This 1894 Richardsonian Romanesque granite and sandstone church was designed by Norfolk architects James E. R. Carpenter and John V. Peebles. It was built to accommodate the growing congregation of the 1850 Granby Street Methodist Church at the northeast corner of Granby and Freemason Streets. Both churches originated from the 1802 Cumberland Street Methodist Church, the first Methodist congregation in Norfolk.
The congregation named their new house of worship "Epworth," after the English home of John Wesley, the founder of Methodism. Gothic features on the 135-foot carillon tower include eight gargoyles. In the sanctuary, a stained glass dome designed by Edward J.N. Stent of New York is supported by arches bearing mosaic likenesses of female figures representing the cardinal virtues of faith, hope, love and charity. The Aeolian-Skinner organ was considered to be the finest in the South at the time of its installation in 1959.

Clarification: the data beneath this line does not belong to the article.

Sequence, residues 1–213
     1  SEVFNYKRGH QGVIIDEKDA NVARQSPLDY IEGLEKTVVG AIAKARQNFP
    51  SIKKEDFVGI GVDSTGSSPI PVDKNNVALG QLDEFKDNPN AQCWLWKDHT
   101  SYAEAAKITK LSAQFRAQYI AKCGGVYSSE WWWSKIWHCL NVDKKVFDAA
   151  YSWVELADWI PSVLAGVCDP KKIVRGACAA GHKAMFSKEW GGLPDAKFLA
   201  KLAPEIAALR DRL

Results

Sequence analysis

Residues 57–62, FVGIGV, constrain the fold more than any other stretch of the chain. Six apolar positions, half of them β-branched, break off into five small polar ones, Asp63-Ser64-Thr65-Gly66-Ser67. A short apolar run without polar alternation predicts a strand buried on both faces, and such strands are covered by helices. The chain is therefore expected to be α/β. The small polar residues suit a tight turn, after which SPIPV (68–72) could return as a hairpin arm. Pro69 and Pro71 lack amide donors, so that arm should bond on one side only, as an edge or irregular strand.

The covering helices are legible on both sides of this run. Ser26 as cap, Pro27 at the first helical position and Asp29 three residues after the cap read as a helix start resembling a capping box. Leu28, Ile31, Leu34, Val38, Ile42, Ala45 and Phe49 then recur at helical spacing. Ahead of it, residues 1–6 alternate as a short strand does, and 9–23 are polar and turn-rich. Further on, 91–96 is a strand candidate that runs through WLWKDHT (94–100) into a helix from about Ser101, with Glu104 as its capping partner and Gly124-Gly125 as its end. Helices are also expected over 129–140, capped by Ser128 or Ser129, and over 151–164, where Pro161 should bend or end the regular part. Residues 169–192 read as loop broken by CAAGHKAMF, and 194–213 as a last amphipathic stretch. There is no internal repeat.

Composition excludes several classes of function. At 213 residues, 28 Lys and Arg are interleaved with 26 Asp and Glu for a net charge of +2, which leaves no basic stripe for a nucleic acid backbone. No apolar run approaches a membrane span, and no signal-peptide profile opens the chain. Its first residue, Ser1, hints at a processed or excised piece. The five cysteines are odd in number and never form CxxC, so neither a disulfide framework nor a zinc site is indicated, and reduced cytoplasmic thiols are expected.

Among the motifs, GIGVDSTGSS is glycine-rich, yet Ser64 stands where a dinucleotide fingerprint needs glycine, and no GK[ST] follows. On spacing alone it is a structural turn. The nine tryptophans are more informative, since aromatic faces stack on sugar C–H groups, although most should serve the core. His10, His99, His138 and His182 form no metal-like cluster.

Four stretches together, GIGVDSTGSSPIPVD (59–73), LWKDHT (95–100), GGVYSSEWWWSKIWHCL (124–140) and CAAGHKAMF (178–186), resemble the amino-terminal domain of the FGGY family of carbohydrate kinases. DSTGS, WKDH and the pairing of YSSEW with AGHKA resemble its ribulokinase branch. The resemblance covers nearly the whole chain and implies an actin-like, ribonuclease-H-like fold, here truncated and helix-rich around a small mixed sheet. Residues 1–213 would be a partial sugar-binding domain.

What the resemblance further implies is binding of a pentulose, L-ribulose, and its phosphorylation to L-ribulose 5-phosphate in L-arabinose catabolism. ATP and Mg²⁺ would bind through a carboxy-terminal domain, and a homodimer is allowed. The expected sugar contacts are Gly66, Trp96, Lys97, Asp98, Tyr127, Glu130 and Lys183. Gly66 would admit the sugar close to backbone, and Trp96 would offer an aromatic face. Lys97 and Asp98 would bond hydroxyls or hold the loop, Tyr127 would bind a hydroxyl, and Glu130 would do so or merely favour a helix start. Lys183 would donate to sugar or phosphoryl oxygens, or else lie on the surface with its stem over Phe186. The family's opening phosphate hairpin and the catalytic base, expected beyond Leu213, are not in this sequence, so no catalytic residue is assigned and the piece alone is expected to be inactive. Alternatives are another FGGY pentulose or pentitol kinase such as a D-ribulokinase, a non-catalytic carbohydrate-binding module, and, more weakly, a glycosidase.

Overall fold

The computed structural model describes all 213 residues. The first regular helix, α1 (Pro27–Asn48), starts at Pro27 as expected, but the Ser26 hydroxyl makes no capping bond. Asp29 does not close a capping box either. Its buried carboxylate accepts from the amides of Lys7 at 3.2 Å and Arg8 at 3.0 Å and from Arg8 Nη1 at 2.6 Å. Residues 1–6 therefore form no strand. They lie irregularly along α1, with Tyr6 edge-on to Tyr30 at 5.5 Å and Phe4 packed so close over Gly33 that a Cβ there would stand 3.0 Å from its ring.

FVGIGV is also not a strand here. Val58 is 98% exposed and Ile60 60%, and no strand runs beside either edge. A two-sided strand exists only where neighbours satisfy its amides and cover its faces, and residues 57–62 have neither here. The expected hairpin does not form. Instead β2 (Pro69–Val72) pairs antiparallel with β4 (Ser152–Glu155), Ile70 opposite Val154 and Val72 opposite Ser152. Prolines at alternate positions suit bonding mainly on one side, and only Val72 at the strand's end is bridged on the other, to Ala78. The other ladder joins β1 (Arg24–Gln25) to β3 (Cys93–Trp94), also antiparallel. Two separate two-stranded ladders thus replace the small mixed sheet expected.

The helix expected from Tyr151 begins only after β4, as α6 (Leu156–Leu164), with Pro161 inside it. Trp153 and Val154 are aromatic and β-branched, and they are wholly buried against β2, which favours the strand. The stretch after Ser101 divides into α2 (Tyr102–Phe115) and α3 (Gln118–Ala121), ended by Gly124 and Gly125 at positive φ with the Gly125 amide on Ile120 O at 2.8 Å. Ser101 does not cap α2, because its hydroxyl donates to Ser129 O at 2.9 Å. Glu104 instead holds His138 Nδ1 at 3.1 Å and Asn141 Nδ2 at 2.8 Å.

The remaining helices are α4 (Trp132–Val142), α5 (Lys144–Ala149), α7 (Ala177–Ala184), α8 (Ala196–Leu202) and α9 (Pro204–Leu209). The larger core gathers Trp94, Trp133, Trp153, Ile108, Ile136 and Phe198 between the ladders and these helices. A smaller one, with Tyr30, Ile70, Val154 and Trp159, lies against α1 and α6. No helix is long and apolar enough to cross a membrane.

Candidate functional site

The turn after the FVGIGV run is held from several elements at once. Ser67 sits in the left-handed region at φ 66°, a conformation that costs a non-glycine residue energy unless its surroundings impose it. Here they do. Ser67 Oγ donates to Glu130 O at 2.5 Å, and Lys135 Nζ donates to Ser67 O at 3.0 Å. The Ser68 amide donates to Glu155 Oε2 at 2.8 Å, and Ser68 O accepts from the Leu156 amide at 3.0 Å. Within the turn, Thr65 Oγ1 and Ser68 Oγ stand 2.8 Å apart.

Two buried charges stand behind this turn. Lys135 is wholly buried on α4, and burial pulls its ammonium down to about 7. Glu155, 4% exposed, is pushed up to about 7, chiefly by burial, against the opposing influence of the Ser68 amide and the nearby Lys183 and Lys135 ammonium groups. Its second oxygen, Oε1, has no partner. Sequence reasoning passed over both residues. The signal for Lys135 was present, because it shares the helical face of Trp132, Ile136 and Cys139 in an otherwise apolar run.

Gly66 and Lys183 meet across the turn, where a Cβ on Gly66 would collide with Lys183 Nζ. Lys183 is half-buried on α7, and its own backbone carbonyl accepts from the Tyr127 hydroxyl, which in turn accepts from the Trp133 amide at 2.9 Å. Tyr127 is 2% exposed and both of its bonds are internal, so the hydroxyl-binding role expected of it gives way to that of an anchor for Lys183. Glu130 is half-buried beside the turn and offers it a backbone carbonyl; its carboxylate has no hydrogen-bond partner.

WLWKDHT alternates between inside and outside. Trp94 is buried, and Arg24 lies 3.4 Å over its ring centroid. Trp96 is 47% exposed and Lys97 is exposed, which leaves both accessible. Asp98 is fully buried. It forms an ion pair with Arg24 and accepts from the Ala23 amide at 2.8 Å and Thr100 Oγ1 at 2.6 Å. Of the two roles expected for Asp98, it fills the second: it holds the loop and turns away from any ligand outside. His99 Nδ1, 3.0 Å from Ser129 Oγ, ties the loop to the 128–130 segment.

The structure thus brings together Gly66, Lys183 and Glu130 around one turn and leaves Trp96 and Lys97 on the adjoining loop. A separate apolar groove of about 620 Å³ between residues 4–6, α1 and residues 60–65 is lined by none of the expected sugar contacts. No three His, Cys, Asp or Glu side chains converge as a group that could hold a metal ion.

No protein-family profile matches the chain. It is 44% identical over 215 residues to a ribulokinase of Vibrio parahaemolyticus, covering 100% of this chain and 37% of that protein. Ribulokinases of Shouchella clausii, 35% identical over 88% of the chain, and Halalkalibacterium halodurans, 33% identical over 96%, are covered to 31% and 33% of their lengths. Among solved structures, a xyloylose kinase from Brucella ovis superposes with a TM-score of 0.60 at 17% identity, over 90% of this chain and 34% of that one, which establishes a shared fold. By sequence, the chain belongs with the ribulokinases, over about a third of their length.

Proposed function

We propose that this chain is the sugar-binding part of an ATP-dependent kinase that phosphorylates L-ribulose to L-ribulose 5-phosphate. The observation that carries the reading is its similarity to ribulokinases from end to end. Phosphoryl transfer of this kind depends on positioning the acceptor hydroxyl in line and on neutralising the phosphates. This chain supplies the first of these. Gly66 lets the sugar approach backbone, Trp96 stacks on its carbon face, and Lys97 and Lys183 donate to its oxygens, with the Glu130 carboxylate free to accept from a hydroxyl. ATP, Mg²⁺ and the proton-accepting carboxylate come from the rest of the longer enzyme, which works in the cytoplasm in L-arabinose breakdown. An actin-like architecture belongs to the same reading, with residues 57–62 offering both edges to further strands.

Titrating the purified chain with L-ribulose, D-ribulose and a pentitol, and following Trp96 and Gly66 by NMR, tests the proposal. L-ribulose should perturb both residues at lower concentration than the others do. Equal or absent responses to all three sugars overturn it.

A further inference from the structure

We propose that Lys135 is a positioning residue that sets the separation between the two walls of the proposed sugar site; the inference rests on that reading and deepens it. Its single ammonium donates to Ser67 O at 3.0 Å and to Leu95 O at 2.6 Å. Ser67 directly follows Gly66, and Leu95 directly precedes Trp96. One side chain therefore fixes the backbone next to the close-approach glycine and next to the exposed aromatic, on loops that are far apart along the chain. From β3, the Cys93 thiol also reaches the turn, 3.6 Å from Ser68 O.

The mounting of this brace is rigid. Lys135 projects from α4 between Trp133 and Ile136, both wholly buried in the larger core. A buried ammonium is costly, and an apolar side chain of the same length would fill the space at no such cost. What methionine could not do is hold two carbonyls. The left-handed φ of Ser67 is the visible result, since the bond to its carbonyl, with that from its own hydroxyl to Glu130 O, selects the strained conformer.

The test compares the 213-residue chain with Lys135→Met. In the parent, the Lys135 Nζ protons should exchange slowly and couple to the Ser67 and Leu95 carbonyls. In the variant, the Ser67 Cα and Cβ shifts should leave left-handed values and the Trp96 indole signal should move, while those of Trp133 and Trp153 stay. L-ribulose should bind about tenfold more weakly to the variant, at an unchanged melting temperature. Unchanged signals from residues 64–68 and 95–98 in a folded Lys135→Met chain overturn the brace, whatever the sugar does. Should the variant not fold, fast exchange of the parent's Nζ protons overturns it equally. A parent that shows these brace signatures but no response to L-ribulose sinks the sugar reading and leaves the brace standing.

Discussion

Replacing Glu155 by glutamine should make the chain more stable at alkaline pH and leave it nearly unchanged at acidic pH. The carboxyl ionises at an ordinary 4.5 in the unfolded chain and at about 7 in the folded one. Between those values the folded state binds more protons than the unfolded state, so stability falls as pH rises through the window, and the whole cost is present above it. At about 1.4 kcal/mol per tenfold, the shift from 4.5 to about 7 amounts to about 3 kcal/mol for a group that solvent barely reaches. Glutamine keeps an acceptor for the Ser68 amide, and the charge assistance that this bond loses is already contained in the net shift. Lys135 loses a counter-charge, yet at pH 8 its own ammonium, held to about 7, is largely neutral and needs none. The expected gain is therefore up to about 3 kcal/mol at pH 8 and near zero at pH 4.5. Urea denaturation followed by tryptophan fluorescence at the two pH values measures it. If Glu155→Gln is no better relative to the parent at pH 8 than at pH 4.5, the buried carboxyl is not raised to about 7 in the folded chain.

Epworth members organized Norfolk's first chapter of Goodwill Industries and the city's first Circle of the King's Daughters. They also participated in the establishment of Virginia Wesleyan College.
(Caption, left picture): Cumberland Street Methodist Church (1802 - 1850)
(Caption, center picture): Church Interior, 1952
(Caption, right picture): Granby Street Methodist Church (1850 - 1894)
Illustrations courtesy of Epworth United Methodist Church